–Jim Rogers: “You saw what happened in 2008-2009, which was worse than the previous economic setback because the debt was so much higher. Well now the debt is staggeringly much higher, and so the next economic problem, whenever it happens and whatever causes it, is going to be worse than in the past, because we have these unbelievable levels of debt, and unbelievable levels of money printing all over the world. Be worried and get prepared. Now it [a collapse] may not happen until 2016 or something, I have no idea when it’s going to happen, but when it comes, be careful.”
–Lindsey Williams: “There is going to be a global currency reset.”
–CLSA’s Russell Napier: “We are on the eve of a deflationary shock which will likely reduce equity valuations from very high to very low levels.”
–Oaktree Capital’s Howard Marks: “Certainly risk tolerance has been increasing of late; high returns on risky assets have encouraged more of the same; and the markets are becoming more heated. The bottom line varies from sector to sector, but I have no doubt that markets are riskier than at any other time since the depths of the crisis in late 2008 (for credit) or early 2009 (for equities), and they are becoming more so.”
–Financial editor Jeff Berwick: “If they allow interest rates to rise, it will effectively make the U.S. government bankrupt and insolvent, and it would make the U.S. government collapse. . . . They are preparing for a major societal collapse. It is obvious and it will happen, and it will be very scary and very dangerous.”
–Michael Pento, founder of Pento Portfolio Strategies: “Disappointingly, it is much more probable that the government has brought us out of the Great Recession, only to set us up for the Greater Depression, which lies just on the other side of interest rate normalization.”
–Boston University Economics Professor Laurence Kotlikoff:”Eventually somebody recognizes this and starts dumping the bonds, and interest rates go up, and inflation takes off, and were off to the races.”
–Mexican Billionaire Hugo Salinas Price: “I think we are going to see a series of bankruptcies. I think the rise in interest rates is the fatal sign which is going to ignite a derivatives crisis. This is going to bring down the derivatives system (and the financial system).
There are (over) one quadrillion dollars of derivatives and most of them are related to interest rates. The spiking of interest rates in the United States may set that off. What is going to happen in the world is eventually we are going to come to a moment where there is going to be massive bankruptcies around the globe.”
–Robert Shiller, one of the winners of the 2013 Nobel prize for economics: “I’m not sounding the alarm yet. But in many countries the stock price levels are high, and in many real estate markets prices have risen sharply…that could end badly.”
–David Stockman, former Director of the Office of Management and Budget under President Ronald Reagan: “We have a massive bubble everywhere, from Japan, to China, Europe, to the UK. As a result of this, I think world financial markets are extremely dangerous, unstable, and subject to serious trouble and dislocation in the future.”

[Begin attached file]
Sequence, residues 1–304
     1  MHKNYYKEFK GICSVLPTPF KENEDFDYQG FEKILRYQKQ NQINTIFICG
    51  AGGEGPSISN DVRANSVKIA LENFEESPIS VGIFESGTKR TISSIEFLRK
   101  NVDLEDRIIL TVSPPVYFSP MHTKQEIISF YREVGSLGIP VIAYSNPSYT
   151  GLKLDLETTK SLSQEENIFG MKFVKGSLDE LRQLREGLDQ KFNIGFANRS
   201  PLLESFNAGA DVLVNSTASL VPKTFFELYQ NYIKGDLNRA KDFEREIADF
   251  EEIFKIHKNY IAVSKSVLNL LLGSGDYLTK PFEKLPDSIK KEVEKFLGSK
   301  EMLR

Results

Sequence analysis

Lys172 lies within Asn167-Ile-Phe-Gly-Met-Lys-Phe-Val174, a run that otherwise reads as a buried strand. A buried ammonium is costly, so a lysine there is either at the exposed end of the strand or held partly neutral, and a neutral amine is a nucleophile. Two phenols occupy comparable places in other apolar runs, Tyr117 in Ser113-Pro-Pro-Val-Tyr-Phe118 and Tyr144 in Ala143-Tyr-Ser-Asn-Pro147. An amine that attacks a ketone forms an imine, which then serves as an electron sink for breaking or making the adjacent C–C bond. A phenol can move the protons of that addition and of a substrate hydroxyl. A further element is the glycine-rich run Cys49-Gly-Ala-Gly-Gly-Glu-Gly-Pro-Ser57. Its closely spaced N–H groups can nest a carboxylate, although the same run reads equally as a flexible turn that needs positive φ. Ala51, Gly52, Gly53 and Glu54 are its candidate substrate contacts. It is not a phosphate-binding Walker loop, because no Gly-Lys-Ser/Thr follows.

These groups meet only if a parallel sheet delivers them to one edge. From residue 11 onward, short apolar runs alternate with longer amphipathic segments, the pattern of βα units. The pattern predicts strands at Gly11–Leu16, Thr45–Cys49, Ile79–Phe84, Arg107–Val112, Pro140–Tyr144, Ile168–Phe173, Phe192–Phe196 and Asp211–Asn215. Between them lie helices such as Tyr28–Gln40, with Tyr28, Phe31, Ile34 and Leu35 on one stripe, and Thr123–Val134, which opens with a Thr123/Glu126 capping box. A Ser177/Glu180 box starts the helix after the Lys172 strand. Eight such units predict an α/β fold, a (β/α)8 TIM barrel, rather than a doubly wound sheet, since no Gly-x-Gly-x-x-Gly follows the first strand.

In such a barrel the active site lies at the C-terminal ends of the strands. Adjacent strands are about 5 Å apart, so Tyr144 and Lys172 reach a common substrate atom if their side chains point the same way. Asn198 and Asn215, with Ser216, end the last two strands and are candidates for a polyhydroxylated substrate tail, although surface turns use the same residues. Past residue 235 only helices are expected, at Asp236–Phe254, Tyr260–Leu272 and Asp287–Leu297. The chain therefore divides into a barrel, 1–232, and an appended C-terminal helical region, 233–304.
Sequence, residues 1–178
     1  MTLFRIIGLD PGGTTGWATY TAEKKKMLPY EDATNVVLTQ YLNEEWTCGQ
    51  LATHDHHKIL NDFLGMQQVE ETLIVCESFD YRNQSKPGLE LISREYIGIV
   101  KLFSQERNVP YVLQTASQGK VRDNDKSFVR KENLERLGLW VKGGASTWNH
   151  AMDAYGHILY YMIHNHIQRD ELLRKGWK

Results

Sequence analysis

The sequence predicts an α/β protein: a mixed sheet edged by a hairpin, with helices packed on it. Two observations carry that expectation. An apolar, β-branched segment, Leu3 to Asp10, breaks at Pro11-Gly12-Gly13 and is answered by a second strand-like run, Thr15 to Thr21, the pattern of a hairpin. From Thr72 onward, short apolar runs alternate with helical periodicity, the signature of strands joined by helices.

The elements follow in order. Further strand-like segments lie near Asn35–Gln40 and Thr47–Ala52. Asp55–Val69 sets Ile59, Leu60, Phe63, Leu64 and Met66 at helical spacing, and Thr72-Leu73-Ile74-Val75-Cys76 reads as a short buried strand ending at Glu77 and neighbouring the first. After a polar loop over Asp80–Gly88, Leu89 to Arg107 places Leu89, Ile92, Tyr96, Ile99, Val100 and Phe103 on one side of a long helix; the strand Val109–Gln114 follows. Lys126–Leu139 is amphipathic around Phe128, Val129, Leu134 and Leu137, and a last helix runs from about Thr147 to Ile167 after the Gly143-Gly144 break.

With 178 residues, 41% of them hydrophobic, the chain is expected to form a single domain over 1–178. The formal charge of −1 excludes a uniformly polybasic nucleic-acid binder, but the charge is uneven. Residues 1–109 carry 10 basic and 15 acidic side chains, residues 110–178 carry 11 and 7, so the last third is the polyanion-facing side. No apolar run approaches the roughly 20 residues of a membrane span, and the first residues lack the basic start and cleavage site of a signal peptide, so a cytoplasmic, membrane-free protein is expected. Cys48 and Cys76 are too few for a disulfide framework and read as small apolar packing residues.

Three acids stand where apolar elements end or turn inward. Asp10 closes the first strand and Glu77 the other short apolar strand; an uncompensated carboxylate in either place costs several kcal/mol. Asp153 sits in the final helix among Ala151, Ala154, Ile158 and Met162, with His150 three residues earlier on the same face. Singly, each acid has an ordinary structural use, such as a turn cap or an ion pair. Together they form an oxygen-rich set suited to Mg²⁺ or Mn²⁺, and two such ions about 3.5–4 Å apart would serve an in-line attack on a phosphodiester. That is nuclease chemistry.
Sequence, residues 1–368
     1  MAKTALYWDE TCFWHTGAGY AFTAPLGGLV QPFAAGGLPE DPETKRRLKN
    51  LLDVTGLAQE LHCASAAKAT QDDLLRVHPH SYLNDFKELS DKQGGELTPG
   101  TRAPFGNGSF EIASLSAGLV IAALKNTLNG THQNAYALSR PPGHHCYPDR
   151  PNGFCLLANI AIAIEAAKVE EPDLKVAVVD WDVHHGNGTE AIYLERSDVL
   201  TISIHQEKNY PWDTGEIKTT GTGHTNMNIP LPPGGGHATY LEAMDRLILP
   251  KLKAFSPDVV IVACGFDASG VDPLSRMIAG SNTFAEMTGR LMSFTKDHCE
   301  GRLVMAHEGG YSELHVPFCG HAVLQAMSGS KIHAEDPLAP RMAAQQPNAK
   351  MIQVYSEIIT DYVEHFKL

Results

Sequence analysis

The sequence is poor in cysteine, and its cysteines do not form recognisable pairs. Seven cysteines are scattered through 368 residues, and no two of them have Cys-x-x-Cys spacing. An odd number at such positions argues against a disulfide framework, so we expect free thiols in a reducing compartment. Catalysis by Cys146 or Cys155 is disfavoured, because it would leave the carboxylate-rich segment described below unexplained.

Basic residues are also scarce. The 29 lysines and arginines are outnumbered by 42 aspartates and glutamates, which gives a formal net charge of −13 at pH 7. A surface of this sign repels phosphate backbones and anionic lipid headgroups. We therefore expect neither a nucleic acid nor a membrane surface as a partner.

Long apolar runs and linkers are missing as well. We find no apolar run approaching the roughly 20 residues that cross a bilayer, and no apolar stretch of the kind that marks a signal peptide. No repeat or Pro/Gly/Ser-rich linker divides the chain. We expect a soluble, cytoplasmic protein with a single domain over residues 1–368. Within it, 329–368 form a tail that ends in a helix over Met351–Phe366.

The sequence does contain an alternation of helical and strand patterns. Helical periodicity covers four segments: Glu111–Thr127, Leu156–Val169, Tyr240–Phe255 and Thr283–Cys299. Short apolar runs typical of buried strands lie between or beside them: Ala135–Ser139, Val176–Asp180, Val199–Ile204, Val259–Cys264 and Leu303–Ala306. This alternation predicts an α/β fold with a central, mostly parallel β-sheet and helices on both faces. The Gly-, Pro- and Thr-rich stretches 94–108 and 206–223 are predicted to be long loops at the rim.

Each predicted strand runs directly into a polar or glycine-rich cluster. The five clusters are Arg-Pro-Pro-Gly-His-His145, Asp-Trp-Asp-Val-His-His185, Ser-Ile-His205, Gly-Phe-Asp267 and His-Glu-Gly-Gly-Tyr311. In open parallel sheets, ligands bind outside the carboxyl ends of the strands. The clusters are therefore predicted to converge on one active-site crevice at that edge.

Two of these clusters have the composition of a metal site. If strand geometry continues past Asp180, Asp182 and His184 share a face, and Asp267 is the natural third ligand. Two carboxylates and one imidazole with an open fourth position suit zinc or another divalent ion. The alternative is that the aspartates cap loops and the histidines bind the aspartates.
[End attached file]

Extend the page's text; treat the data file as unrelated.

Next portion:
And certainly there are already signs that the U.S. economy is slowing down as we head into the final weeks of 2013. For example, on Thursday we learned that the number of initial claims for unemployment benefits increased by 68,000 last week to a disturbingly high total of368,000. That was the largest increase that we have seen in more than a year.
In addition, as I wrote about the other day, rail traffic is way down right now. In fact, for the week ending November 30th, U.S. rail traffic wasdown 16.3 percent from the same week one year earlier. That is a very important indicator that economic activity is getting slower.
And we continue to get more evidence that the middle class is being steadily eroded and that poverty in America is rapidly growing. For example, a survey that was just released found that requests for food assistance and the level of homelessness have both risen significantly in major U.S. cities over the past year…
A survey of 25 American cities, including many of the nation’s largest, showed yearly increases in food aid and homelessness.The cities, located throughout 18 states, saw requests for emergency food aid rise by an average of seven percent compared with the previous period a year earlier, according to the US Conference of Mayors study, published Wednesday.
All but four cities reported an increase in demand for assistance between the period of September 2012 through August 2013.
Unfortunately, if the economic experts quoted above are correct, this is just the beginning of our problems.
The next wave of the economic collapse is rapidly approaching, and things are going to get much worse than this.
So what do you think?
Which of the individuals quoted above do you think are right on the money and which ones do you think are way off base?
National Affairs Specialist
Greg Weston is an investigative reporter and a regular political commentator on CBC Radio and Television. Based in Ottawa, he has afflicted governments of all stripes for over three decades. His investigative work has won awards including the coveted Michener Award for Meritorious Public Service in Journalism. He is also the author of two best-selling books, Reign of Error and The Stopwatch Gang.